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The Internet Government Politics

ICANN Wants Immunity 235

Posted by kdawson
from the divine-right-of-the-Commerce-Department dept.
rprins writes "In what is perhaps a reaction to recent Homeland Security demands, a strategic report by ICANN suggests that it should take on the model of a private international organization (PDF). That would make ICANN immune from US law and regulations. However, it's unlikely that the Bush administration would grant ICANN these privileges. So the organization might opt to relocate to Switzerland where such privileges are easier to attain."
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ICANN Wants Immunity

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  • Red Cross???? (Score:3, Informative)

    by micronicos (344307) * on Tuesday April 03, 2007 @02:56PM (#18593087) Homepage
    Surely the model would have to be something like the WTO not the IRC?

    For better or worse ICANN deals with a system carrying billions of 'all currencies' over the world.

    But relocating to Switzerland would be soooooooooo cool!
  • by shaitand (626655) on Tuesday April 03, 2007 @03:13PM (#18593399) Journal
    It'll just be another war on a vague concept. Added to the War on Terror, and the War on Drugs, we'll have the War on the Internet.
  • Re:terrible news (Score:4, Informative)

    by XSforMe (446716) on Tuesday April 03, 2007 @03:52PM (#18594145)

    "please name one example of a law that has changed to this effect."

    Laws do not need to change in order for freedom of expression to be reduced or even wiped out. The political mood in the last 5 years has turned downright repressive; people in power will not hesitate to use their resources against you in case you dare express opinions against the current US political agenda.

    Man arrested for wearing an antiwar shirt []
    Man arrested after addressing Cheyney on the Iraq war []
    Man arrested for handling toilet paper with Bush Face on it []
    Man arrested for dressing up and waving a fake gun []
    Killed GI's mother arrested []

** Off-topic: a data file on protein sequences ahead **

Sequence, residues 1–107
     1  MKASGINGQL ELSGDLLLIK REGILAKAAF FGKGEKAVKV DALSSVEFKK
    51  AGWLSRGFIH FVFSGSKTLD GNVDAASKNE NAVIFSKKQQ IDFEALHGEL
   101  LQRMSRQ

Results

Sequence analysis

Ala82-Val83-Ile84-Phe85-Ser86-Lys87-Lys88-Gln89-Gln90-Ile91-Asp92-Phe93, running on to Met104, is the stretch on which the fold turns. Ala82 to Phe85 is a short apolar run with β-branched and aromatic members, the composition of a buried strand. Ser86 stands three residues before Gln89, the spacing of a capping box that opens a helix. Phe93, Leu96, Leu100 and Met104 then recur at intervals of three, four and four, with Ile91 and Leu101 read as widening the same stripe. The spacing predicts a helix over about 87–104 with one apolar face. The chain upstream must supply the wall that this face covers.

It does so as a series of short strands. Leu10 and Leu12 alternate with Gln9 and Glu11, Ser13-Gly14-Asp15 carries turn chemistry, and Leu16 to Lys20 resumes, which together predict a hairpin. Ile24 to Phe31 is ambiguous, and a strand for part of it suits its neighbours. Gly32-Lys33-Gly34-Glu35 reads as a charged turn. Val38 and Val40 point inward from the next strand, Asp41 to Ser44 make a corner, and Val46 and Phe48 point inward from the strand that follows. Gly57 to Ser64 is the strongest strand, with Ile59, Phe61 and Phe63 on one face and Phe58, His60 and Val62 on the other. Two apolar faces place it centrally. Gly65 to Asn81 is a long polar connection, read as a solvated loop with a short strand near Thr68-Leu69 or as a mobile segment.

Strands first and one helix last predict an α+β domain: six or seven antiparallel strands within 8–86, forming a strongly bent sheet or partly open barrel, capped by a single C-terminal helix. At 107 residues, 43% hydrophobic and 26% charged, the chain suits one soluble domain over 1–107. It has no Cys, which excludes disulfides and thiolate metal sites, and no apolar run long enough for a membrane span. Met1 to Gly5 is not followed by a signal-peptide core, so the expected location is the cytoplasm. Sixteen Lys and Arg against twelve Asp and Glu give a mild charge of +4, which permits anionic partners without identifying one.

• Internet is common a good of a billion people worldwide

    All thanks to America's benevolence, business sense, and good design. These people's usage of the Internet in no way diminishes America's right to do, what it pleases with it, though...

    is our privilege, not some kind of favor we are doing.

    Ha-ha!.. So, if one builds a playground for his kids, and allows other kids to come and play too (for their and his own kids' benefit), he loses the right to control that playground — while keeping "the privilege" of the upkeep?

    I understand, how envy and similar emotions may make it difficult for foreigners to squeeze some gratitude towards America out of themselves. But for an American to do the same is incomprehensible. So good at seeing the other side, they lose sight of their own...

    By the way, the World Wide Web, nowadays the Internet's most important part, was invented in... duh, Switzerland (CERN)

    A common myth maintained by anti-American zealots uncomfortable with America's claiming credit for anything, however rightfully...

    The idea itself [] was rather obvious to anyone "skilled in the field" and known (especially in America — ha-ha!) since before computers. As we know it today, it wouldn't have taken off without the Internet (duh) — although various BBS-es were early prototypes. What Tim Berners-Lee [] wrote at CERN [] would never have become "the Internet's most important part" without a product usable by a non-scientist [].

    Nor was it a browser in today's sence of the word, but rather more like a Wiki — tied to a single database (more like CERN's own BBS). He did not "invent it", he put forward one of the first (and very limited) implementations. For earlier ones see Xanadu [] and NLS [] — both, incidentally, by Americans (the latter, even, by the dreaded American Military!).

    I'm still glad CERN exists, of course, but there is no denying, that its contribution to WWW is dwarfed by those of NCSA [] and other American organizations.

A meeting is an event at which the minutes are kept and the hours are lost.